Observations recorded throughout modern history reflect the benefit of low-carbohydrate nutrition. Herodotus tells of the meeting between a Persian delegation and the king of Ethiopia in the fifth century B.C., and of the curiosity of the Ethiopian king concerning Cambyses, the Persian king:
Finally (the Ethiopian king) came to the wine and, having learnt the process of its manufacture, drank some and found it delicious; then, for a last question, he asked what the Persian king ate and what was the greatest age that Persians could attain. Getting in reply an account of the nature and cultivation of wheat, and hearing that the Persian king ate bread, and that people in Persia did not commonly live beyond eighty, he said he was not surprised that anyone who ate dung should die so soon, adding that the Persians would doubtlessly die younger still, if they did not keep themselves going with that drink - and here he pointed to the wine - the only thing in which he admitted the superiority of the Persians.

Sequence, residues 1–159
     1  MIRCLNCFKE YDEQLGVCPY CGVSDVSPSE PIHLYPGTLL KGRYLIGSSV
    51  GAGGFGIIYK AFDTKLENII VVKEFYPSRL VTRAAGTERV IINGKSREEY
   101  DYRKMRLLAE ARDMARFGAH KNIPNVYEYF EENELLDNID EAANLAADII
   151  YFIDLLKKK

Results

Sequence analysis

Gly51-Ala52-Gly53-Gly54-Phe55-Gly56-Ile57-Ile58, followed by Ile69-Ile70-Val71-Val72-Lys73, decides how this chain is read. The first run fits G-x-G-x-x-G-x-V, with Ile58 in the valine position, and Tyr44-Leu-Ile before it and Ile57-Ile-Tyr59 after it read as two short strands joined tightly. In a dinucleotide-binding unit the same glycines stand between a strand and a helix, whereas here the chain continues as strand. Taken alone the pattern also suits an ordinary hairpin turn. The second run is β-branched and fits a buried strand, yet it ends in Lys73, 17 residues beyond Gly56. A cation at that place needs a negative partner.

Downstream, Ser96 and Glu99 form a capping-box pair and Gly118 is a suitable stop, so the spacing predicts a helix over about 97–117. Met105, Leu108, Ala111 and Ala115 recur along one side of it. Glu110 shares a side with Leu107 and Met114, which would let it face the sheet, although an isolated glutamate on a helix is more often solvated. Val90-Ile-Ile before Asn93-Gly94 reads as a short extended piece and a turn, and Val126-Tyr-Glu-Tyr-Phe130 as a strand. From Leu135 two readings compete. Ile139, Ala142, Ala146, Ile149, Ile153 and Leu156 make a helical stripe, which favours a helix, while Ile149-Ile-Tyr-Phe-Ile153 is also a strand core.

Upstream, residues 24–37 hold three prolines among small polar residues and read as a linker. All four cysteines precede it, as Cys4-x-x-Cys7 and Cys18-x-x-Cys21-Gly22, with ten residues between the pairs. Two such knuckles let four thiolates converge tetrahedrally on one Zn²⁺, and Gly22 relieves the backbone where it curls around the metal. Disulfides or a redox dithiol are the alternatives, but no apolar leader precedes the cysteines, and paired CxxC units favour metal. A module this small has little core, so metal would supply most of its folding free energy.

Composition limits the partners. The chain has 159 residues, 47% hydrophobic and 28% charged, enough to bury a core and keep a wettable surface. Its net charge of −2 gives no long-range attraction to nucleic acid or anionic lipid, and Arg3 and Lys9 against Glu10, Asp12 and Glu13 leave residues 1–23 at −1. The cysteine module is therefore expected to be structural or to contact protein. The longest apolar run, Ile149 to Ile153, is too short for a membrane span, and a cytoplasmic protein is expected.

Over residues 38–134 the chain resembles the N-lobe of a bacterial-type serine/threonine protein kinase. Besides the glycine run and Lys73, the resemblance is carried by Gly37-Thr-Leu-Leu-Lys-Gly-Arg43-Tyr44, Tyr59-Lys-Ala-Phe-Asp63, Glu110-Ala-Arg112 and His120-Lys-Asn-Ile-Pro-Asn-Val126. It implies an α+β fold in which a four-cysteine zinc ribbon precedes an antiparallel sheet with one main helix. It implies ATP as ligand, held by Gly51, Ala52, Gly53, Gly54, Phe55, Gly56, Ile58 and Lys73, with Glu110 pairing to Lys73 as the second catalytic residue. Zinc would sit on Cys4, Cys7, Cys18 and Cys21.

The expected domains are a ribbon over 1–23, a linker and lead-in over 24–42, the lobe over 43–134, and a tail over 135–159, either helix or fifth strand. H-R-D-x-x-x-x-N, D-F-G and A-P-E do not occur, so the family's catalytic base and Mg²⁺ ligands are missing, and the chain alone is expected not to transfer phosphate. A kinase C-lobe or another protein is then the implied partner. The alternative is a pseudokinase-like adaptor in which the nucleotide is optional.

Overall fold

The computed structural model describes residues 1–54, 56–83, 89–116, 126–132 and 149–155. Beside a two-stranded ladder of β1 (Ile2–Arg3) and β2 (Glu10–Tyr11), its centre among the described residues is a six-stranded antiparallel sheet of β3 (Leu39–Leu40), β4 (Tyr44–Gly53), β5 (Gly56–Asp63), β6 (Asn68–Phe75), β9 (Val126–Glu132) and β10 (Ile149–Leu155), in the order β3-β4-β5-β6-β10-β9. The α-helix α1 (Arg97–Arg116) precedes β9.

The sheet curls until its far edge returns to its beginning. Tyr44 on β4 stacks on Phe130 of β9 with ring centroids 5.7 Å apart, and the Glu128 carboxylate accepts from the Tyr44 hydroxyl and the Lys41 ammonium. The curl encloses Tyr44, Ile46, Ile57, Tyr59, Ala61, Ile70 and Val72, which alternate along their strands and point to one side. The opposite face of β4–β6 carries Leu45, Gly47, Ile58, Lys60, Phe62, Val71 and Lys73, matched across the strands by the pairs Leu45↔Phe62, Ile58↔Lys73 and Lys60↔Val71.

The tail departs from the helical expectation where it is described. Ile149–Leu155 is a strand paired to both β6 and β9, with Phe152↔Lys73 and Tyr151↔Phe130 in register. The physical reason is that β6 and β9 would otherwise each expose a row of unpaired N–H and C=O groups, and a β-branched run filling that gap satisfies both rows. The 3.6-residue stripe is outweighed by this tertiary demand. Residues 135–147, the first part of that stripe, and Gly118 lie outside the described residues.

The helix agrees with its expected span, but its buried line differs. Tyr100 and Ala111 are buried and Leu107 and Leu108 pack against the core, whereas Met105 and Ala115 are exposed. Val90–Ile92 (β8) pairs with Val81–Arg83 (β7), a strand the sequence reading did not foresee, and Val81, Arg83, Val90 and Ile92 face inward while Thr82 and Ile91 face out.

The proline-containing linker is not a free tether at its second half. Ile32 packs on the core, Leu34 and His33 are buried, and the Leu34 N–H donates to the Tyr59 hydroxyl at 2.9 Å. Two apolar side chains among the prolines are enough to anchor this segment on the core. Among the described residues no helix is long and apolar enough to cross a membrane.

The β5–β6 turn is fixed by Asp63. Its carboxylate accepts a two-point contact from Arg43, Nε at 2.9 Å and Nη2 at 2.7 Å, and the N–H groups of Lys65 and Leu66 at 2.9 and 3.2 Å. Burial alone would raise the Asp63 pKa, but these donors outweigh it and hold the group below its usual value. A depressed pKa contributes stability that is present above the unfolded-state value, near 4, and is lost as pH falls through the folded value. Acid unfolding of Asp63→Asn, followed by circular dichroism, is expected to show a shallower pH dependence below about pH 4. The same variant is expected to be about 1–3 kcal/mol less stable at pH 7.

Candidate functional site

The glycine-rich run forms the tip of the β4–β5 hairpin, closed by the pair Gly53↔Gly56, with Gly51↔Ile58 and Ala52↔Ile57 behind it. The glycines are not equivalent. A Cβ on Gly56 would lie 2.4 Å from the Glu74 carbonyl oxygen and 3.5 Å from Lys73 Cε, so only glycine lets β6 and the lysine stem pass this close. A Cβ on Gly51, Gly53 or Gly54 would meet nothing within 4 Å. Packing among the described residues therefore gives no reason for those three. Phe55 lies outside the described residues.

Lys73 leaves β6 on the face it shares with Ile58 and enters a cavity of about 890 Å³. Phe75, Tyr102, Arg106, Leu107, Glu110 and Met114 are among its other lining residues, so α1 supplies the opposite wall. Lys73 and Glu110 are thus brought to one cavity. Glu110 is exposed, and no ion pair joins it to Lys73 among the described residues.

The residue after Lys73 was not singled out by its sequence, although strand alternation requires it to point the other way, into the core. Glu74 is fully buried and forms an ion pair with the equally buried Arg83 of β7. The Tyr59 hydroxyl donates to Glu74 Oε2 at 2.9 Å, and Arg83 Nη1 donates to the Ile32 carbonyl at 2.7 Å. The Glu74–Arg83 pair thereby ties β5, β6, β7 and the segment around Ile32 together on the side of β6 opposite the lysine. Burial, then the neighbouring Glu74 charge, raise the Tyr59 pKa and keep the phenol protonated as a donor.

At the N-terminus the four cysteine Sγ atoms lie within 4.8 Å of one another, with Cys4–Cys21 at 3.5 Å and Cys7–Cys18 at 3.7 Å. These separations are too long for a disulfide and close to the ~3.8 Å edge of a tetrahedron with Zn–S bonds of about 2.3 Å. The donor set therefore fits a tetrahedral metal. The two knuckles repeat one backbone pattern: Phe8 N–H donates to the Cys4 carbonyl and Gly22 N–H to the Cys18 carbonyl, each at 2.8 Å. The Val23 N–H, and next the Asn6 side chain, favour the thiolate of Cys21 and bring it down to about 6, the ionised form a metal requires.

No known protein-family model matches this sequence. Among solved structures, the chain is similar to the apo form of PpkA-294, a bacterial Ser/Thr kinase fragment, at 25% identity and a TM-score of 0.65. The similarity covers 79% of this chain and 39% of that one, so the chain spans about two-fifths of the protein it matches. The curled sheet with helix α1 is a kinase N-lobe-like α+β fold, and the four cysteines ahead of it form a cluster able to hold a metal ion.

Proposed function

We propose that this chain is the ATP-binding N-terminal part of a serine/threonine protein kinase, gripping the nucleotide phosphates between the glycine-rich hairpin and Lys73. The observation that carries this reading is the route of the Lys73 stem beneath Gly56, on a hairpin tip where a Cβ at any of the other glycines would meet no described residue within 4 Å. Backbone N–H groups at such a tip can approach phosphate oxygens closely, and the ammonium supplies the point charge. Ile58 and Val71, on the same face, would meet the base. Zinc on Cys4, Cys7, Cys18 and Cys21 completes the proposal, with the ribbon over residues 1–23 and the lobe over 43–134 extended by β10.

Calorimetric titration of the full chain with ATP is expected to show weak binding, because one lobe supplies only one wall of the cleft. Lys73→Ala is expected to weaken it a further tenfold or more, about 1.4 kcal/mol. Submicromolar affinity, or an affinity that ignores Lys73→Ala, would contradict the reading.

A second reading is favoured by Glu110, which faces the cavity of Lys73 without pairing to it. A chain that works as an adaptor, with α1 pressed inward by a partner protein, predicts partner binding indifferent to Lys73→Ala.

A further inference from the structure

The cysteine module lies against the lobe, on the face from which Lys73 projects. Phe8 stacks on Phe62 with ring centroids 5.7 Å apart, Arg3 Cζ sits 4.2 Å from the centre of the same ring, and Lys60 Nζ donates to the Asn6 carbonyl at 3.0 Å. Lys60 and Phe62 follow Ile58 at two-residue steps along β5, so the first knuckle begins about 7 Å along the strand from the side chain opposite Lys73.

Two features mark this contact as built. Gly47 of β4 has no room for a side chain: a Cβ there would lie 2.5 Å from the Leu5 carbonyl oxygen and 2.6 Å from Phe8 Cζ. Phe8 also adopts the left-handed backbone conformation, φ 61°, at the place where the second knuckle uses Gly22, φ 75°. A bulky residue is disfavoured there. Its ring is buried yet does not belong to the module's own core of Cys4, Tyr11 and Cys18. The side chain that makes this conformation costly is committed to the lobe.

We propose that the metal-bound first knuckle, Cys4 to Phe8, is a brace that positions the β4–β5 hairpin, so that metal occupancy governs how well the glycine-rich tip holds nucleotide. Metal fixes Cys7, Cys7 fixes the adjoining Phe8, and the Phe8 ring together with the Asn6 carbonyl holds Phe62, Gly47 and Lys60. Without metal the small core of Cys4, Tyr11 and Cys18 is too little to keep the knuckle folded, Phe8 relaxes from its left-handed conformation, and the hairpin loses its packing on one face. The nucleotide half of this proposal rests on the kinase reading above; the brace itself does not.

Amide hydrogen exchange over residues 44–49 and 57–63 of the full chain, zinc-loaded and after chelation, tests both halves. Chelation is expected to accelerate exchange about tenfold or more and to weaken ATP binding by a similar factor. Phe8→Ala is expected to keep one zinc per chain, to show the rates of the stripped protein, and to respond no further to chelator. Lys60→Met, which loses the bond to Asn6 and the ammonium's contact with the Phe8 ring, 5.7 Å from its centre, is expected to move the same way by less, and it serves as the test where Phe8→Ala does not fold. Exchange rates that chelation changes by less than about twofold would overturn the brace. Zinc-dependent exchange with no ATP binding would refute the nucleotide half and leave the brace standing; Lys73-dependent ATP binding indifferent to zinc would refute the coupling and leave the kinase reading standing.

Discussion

The Persians, in their turn, asked the Ethiopian king how long the Ethiopians lived and what they ate, and were told that most of them lived to be 120, and some even more, and that they ate boiled meat and drank milk.